UN chief denounces ‘dependence on fossil fuels’


BERLIN — Officials from 40 countries gathered in Berlin on Monday to discuss how to stay focused on tackling the growing impacts of climate change as the world reels from the economic fallout from the pandemic and invasion of Ukraine by Russia. The UN secretary-general urged countries to act instead of playing the “blame game”.

European nations have pledged to meet their climate targets even as the war in Ukraine prompts some to seek new sources of fossil fuels and at least temporarily turn to coal to make up for shortfalls in Russian energy supplies, which which is viewed with suspicion by developing countries.

Organizers touted the two-day meeting in Berlin as an opportunity to rebuild trust between rich and poor countries ahead of November’s UN climate summit in Egypt, after technical talks last month made little progress on key issues such as climate support for developing countries.

UN Secretary-General Antonio Guterres has warned that the global warming limit of 2.7 degrees Fahrenheit agreed to in the 2015 Paris climate accord is increasingly out of reach even as more more people are affected by extreme floods, droughts, storms and wildfires.

“No nation is immune,” he said. “Yet we continue to feed our addiction to fossil fuels.”

Guterres, appearing via video, criticized countries for continuing to “play the blame game instead of taking responsibility for our collective future”, and urged rich nations to keep the promises they made to the poor.

Developing countries are still waiting for rich countries to provide $100 billion in climate aid each year, a goal they were supposed to reach by 2020.

“At a minimum, stop supporting the pledge of $100 billion a year,” said António Guterres. “Giving clarity through deadlines and timelines and being concrete about its delivery.”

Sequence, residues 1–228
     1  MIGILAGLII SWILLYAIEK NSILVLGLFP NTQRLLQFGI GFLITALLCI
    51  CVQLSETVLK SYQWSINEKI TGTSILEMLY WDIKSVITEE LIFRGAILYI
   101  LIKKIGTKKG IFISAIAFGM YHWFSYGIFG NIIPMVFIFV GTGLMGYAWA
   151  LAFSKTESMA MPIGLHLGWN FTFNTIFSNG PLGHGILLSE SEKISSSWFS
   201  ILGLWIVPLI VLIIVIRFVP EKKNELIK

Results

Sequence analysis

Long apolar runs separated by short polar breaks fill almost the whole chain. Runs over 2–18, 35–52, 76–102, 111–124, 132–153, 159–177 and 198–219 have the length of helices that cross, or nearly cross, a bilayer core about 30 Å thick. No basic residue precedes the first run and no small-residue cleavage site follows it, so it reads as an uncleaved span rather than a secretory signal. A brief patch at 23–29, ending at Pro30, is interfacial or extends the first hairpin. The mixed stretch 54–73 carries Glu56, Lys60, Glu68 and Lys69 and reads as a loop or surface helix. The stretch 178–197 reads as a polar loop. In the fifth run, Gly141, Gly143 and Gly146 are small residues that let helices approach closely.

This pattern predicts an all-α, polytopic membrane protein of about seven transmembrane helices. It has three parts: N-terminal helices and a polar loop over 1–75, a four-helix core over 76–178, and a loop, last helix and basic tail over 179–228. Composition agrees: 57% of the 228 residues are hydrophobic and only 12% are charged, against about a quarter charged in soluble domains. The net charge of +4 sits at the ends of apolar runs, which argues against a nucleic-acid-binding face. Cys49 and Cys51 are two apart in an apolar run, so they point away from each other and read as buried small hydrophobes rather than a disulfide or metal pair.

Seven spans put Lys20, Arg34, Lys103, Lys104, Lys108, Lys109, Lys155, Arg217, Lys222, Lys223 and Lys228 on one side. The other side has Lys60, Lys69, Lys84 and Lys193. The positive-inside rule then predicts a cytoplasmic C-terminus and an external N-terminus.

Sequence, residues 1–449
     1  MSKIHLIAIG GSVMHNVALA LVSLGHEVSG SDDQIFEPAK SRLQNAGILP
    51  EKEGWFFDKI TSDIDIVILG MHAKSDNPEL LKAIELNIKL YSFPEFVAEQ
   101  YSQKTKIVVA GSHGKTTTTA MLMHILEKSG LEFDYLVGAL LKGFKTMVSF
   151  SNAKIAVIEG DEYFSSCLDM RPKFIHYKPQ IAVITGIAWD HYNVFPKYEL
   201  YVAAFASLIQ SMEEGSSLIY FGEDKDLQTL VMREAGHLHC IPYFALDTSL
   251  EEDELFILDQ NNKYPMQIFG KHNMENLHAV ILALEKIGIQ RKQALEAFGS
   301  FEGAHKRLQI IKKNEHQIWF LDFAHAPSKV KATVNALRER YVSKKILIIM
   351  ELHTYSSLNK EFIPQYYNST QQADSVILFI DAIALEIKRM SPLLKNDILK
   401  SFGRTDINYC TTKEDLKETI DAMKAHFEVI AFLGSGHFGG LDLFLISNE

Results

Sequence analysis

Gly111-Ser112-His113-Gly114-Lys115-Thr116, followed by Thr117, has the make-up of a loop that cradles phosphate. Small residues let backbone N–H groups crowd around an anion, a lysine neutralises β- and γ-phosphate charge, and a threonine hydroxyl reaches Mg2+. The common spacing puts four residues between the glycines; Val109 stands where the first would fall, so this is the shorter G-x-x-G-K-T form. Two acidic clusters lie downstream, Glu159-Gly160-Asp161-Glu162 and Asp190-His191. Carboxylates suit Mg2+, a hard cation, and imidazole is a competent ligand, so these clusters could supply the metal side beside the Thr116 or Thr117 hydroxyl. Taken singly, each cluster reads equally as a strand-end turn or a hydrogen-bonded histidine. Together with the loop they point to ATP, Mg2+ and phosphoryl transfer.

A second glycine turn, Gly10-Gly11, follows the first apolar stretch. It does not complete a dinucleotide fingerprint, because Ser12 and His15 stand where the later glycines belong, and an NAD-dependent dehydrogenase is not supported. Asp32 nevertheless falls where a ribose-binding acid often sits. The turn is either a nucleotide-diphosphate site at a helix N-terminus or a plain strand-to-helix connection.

The issue of ‘loss and damage’ plays a prominent role at the Berlin meeting, where ministers will split into small groups for discussions in the hope of building confidence ahead of the UN climate summit in Sharm el-Sheikh, Egypt in November.

Antiguan Environment Minister Molwyn Joseph, speaking on behalf of the small island developing nations that are among the most at risk, underscored the urgency of the issue.

“What we call a crisis, for us, is a disaster,” he told delegates. “There are small islands that are disappearing.”

Big polluters, however, have long resisted the idea that they should pay for the destruction their greenhouse gas emissions cause the world.

Meanwhile, scientists say the extreme heat hitting large parts of the northern hemisphere in recent weeks could become the new normal in summer if global warming continues.

“As this meeting takes place, parts of Europe are cooking, even burning. And sadly, it is an experience that is all too familiar to millions around the world,” said Alok Sharma, the British official who led climate talks in Glasgow last year. He told delegates, “My appeal to all of you is, please speed up our work.”

His successor for the upcoming climate talks, Egyptian Foreign Minister Sameh Shoukry, said it was essential to ensure that “the current situation is not taken as an excuse to backtrack or renege on commitments”. previous ones, in particular those related to support for developing countries”.

The issue of energy sources endangered by Russia’s war in Ukraine looms large over the Berlin meeting, to which China participated, but Russia was not invited.

Environmental activists warn that recent efforts by countries like Germany to tap new sources of fossil fuels like gas could undermine countries’ already fragile climate actions.

German climate envoy Jennifer Morgan acknowledged that “Russia’s war of aggression forces us to make short-term decisions that we don’t like, including the increased use of coal for a very limited period of time. “.

“But not only are we sticking firmly to our climate goals, we are accelerating the energy transition and phasing out the use of fossil fuels even faster,” she told reporters, citing a recently approved plan to accelerate solar. and wind power. power generation in Germany.


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